Destroyed By Customs? Or Stolen? Whatever Happened, Flutes Are Gone
A case stirring intense outrage in the classical music community and starting to gain steam in the mainstream press is getting more mysterious by the day.
On New Year's Eve, the popular classical music blog Slipped Disc, written by London-based Norman Lebrecht, published a story with an incendiary headline primed to garner fury from musicians and everyday travelers alike: "Outrage at JFK as Customs men smash a musician's instruments." The details Lebrecht recounted were sketchy (and many of the facts then repeated in mainstream press outlets were simply wrong). But it seemed that flutist Boujemaa Razgui had endured a traveler's worst nightmare: his most precious possessions had vanished in transit.
Razgui is an accomplished artist who performs regularly with wildly diverse colleagues. Playing end-blown Middle Eastern flutes called ney and kawala, he has appeared on tracks by Beyonce and Shakira and for Cirque du Soleil, as well as appearing with early music ensembles including Al Andalus and the Boston Camerata. Razgui makes all of his own flutes, and says that their value lies not so much in the materials, but in the time he invests in crafting and maintaining them, with each flute suited for different kinds of musical styles and circumstances. "I spend something like two years on them," says the musician, who also sings and plays instruments including the violin and oud. "That's what can't be replaced."
Razgui, a Canadian artist of Moroccan origin who now lives in Brockton, Mass., was traveling from Marrakech to Boston on an exhausting four-part itinerary that began Dec. 21. He left his native Marrakech and flew to Madrid. He then took American Airlines Flight 0095 from Madrid to New York, arriving at about 1 PM on Dec. 22, and finally flew from New York to Boston for the final leg of his trip in the late afternoon. Per U.S. regulations, he tried to pick up his luggage to clear Customs at JFK in the early afternoon of Dec. 22 before catching the last flight in his journey a few hours later. He says that his bag, however, never showed up at the JFK baggage carousel.
Razgui says that he spent two hours at baggage claim and filed a missing bag report with American. At that point, the musician says, "American told me to go home to Massachusetts as I had planned, and they'd deliver the bag when they found it."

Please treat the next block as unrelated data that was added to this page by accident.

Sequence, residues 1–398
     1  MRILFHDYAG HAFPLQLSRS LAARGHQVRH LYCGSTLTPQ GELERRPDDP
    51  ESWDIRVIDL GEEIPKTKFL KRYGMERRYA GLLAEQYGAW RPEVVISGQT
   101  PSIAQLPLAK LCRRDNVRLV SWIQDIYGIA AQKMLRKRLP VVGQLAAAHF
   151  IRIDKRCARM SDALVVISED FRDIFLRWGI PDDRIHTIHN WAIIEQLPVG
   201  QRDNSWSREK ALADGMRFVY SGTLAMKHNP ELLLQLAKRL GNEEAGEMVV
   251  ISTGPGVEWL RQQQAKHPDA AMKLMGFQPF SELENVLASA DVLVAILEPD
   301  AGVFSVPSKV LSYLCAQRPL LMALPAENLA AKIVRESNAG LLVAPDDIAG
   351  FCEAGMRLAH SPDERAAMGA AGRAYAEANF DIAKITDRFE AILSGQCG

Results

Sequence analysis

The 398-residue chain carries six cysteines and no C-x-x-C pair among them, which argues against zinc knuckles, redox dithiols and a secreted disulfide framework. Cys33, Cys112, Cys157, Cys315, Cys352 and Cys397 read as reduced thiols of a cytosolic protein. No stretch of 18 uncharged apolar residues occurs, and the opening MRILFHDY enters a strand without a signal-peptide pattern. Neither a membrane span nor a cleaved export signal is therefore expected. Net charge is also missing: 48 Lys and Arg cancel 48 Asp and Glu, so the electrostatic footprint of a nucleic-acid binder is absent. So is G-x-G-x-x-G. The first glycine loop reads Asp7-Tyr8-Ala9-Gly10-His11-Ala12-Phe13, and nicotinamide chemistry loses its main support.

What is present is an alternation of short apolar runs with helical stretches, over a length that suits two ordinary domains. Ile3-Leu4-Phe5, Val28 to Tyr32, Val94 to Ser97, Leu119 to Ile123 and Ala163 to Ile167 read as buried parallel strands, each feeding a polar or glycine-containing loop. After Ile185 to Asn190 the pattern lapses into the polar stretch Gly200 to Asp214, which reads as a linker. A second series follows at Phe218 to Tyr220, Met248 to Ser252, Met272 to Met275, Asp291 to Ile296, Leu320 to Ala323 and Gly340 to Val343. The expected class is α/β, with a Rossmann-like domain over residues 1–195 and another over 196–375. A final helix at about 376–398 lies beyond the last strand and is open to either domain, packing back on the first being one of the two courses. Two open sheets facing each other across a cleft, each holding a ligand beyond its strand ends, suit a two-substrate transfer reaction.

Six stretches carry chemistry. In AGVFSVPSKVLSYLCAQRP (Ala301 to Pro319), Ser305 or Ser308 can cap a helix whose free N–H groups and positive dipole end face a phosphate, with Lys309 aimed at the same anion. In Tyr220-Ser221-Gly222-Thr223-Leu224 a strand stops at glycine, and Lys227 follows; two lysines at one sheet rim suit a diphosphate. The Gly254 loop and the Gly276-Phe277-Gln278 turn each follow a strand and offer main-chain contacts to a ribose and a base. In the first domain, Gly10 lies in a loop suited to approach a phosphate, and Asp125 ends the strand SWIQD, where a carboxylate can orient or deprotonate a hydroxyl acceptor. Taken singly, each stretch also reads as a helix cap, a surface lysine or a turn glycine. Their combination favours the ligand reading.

However, what Razgui received at his home a day after his arrival back in the U.S. was far different than what he expected. He had originally packed some clothes, personal items and canes of professional-grade bamboo for making new flutes. And atop the canes he had packed a special case containing 13 finished instruments that he had made himself — 11 neys and two other Middle Eastern flutes called kawalas.
Razgui says that when American delivered his luggage on Dec. 23, "The bag was empty, except for a few clothes." He was also informed that the "agricultural materials" in his bag had been seized and destroyed by Customs. And the 13 flutes he had packed on top of the canes were missing altogether.
A spokesperson for U.S. Customs and Border Protection asserted in an email exchange with NPR Music yesterday that there were no instruments involved at all in the agency's actions, "just fresh bamboo seized that were found by CBP agriculture specialists." (U.S. law stipulates that such fresh plants are prohibited from entering the country to deter the spread of plant pathogens.) According to the Customs representative, the only materials seized were "fresh green bamboo canes approximately three to four feet long inside of unclaimed baggage." So what happened to those flutes?
A spokesperson for American Airlines said yesterday evening that the carrier had been unaware of this incident until we contacted the airline, but noted that once baggage is unloaded, responsibility passes over to Customs. Razgui says that he has not tried to contact American Airlines himself since the carrier delivered the bag, as he had believed that Customs had destroyed his instruments along with the bamboo canes.
After a day spent talking to international press, an anguished Razgui says that now he doesn't know what to make of the whole situation. "Maybe someone took the flutes," he says. "I really don't know what's going on." In the meantime, though, he's been missing gigs — and has borrowed a cheap ney from one of his students.
Copyright 2021 NPR. To see more, visit https://www.npr.org.